ERGIL drain vessels are designed and manufactured to increase the volume of a coalescing filter housing to hold more liquid and increase the service time. This is mostly useful for negative-pressure applications when an automatic float system failed or cannot be used.
A drain system that is connected directly to pressure vessels is called a “pressure” or “closed” drain system. A drain system that collects liquids that spill on the ground is an “atmospheric,” “gravity,” or “open” drain. The liquid in a closed drain system must be assumed to contain dissolved gases that flash in the drain system and can become a hazard if not handled properly. In addition, it must be assumed that a closed drain valve could be left open by accident. Once the liquid has drained out of the vessel, a large amount of gas will flow out of the vessel into the closed drain system (gas blowby) and will have to be handled safely. Thus, closed drain systems should always be routed to a pressure vessel and should never be connected to an open drain system.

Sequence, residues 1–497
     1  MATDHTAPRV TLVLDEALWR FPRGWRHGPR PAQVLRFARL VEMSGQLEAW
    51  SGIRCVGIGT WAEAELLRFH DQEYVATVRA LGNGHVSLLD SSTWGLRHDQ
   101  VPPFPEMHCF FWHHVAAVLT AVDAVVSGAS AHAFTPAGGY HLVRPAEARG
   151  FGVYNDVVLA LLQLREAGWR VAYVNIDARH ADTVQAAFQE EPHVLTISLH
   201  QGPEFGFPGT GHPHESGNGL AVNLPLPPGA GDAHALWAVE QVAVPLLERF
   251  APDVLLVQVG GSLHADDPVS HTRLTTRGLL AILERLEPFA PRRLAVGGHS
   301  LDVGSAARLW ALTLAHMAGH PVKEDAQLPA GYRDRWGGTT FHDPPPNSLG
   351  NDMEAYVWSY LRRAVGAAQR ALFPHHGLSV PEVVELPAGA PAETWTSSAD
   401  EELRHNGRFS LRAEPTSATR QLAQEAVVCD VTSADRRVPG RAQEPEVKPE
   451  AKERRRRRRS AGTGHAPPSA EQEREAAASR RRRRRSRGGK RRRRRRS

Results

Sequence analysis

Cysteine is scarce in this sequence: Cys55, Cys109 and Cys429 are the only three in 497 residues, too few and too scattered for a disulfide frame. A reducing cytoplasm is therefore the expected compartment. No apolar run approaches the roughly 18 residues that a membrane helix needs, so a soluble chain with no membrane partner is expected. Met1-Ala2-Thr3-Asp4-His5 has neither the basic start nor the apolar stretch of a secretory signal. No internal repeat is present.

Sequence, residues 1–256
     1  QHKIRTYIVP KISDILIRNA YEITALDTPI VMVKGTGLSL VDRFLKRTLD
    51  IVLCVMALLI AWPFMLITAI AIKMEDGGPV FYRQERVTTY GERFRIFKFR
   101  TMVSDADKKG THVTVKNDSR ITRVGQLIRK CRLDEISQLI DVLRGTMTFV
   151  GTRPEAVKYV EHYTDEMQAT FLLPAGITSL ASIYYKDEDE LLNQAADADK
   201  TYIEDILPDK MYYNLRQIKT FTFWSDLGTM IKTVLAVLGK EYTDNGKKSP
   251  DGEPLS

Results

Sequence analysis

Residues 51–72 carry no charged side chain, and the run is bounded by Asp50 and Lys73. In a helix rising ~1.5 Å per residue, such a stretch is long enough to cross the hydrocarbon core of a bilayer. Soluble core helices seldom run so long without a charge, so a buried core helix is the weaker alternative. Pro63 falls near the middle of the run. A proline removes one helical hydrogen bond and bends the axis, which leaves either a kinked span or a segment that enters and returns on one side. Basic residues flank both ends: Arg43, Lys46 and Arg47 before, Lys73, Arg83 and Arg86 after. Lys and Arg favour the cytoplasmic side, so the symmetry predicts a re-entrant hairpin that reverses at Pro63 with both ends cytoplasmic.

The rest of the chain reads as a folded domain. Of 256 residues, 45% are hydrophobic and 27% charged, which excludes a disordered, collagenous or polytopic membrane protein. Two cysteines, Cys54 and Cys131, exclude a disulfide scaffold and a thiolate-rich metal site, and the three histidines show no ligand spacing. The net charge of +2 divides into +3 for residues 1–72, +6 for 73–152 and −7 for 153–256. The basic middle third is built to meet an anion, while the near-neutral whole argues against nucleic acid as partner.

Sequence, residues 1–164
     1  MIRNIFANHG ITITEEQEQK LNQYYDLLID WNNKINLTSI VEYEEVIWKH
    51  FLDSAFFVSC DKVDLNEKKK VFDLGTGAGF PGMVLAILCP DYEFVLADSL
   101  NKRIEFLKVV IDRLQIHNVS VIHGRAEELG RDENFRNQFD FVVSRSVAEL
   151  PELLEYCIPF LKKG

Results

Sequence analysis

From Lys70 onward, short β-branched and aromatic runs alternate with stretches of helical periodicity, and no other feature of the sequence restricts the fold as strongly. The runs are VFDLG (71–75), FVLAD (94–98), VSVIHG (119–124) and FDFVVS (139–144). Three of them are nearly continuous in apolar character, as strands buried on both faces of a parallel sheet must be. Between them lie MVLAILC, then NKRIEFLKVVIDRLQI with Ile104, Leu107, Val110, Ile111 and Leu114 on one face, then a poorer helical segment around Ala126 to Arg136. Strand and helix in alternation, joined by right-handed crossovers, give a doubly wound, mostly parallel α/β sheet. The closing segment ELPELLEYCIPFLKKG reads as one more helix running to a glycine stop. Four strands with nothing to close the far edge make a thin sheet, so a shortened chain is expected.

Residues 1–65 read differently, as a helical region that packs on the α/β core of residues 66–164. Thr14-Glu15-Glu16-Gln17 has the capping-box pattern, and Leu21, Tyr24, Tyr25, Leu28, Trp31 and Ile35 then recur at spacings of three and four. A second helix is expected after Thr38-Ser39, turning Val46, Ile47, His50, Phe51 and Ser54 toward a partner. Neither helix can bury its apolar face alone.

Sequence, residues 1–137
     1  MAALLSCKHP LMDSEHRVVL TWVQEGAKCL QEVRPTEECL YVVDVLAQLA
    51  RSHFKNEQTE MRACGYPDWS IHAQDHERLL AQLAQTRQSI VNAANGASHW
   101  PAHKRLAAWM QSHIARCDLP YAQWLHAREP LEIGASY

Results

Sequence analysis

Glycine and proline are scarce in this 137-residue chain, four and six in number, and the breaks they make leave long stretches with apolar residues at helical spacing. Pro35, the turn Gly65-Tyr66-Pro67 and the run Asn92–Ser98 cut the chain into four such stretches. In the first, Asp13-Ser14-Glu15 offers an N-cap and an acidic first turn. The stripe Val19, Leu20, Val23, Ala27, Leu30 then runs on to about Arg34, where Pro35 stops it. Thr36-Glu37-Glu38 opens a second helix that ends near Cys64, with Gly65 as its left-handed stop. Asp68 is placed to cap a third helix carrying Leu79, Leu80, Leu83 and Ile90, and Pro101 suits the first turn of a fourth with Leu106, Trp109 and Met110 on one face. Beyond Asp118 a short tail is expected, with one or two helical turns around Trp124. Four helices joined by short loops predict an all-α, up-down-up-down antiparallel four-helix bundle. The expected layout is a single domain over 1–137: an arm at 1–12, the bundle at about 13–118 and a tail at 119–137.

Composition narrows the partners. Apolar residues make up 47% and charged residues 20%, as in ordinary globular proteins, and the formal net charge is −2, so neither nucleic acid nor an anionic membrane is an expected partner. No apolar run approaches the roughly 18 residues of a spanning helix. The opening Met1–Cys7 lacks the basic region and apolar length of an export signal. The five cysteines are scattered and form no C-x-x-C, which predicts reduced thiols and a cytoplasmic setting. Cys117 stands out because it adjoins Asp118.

Liquid gathered in an open drain system is typically rainwater or washdown water contaminated with oil. With the oil usually circulated back into the process, every attempt should be made to minimize the amount of aerated water that is recycled with the oil. This goal is best achieved by routing open drains to a sump tank that has a gas blanket and operates as a skimmer. To keep gas from the skimmer from flowing out the drain, a water seal should be built into the inlet to the sump tank. Water seals should also be installed on laterals from separate buildings or enclosures to keep the open drain system from being a conduit of gas from one location in the facility to another.